The Guyana government says it is working with the Pan American Health Organisation and the World Health Organization (PAHO/WHO) on a new initiative to eradicate five key infectious diseases in the country.
The Ministry of Health said Filaria [big foot], leprosy, chagas, leishmaniasis or bush yaws, have been identified by the government to be eradicated in a few years and remains confident that these diseases will be eliminated with the technical support from two United Nations health organisations.
“We have been working with them on a number of projects. Right now, we are working to eliminate Filaria from Guyana. We are hoping that in a couple years from now, we can declare Guyana to be filaria-free. So, that is one of the projects that we have with PAHO,” said Health Minister Dr Frank Anthony, as he addressed the commissioning of the Paramakatoi Smart Hospital in Region Eight.
“Right now, at the national level, we have considered that it has been eliminated nationally. But there are still some pockets where we need to work to eliminate it in those particular areas. That is the kind of targeted work that we are doing with PAHO,” Dr Anthony stated.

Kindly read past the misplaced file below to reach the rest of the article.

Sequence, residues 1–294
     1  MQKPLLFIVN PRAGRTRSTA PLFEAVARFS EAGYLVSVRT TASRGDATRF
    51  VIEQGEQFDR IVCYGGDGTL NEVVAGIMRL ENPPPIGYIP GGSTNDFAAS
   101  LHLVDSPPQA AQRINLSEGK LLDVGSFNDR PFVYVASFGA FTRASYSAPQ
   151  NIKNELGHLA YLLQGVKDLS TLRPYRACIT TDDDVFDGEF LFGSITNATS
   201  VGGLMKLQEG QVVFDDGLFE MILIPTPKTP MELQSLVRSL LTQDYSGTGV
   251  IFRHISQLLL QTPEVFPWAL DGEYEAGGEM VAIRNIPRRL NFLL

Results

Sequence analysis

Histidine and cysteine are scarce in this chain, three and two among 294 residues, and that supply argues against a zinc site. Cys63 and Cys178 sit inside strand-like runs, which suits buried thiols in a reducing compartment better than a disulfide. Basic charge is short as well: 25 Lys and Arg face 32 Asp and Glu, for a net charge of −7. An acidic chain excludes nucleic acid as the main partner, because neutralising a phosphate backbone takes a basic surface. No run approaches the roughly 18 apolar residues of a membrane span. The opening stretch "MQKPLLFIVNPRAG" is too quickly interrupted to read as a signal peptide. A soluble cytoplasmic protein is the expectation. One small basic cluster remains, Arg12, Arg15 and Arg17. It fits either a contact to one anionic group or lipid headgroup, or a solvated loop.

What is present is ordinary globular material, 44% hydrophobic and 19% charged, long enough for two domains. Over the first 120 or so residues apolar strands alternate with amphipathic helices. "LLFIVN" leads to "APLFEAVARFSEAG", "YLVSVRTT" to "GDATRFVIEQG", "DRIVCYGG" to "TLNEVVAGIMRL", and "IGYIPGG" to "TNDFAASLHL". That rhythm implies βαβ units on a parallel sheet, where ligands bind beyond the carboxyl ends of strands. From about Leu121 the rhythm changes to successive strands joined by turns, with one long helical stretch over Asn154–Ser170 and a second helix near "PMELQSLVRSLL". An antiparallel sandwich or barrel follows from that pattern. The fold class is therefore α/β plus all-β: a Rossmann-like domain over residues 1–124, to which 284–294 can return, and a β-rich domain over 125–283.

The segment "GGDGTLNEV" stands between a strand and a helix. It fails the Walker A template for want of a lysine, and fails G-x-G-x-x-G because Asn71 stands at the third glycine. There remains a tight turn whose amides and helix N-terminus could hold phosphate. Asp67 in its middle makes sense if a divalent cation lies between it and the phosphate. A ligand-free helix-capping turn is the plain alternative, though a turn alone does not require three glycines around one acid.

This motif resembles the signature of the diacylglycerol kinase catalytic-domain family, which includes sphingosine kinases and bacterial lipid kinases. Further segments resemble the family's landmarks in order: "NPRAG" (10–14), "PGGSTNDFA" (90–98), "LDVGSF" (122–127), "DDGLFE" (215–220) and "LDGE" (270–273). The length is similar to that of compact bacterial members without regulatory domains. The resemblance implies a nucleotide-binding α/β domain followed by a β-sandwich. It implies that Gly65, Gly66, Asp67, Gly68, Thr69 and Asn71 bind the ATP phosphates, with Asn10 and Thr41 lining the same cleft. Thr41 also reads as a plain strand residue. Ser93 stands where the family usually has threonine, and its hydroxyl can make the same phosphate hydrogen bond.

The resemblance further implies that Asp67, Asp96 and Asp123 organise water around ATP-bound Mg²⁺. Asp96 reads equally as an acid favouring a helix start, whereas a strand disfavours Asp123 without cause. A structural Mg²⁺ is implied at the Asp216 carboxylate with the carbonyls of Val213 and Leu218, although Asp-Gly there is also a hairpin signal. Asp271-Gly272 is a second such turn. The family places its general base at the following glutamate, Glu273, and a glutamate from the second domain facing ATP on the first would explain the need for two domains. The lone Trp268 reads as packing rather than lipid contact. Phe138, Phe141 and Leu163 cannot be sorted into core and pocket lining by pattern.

He said the government remains optimistic that Leishmaniasis, which is caused by infection with Leishmania parasites, which are spread by the bite of phlebotomine sand flies, along with the Chagas disease which is caused by a bug, will be eradicated from Guyana.
Malaria is still endemic in Region One and the ministry is working assiduously to reduce in its first instance, and to work towards eradication by 2030 in the regions that are affected.
Anthony said that the government will shortly be launching an interesting immunisation programme.
“We also know that with the immunisation programme, you have to give people injections and a lot of people do not like injections. We will give the vaccine but not in the form of an injection. That one, we will be launching very soon which will become more comfortable for the child that is receiving the vaccine. It is not vaccine in the traditional sense. It is going to be a different way in delivering that vaccine,” he added.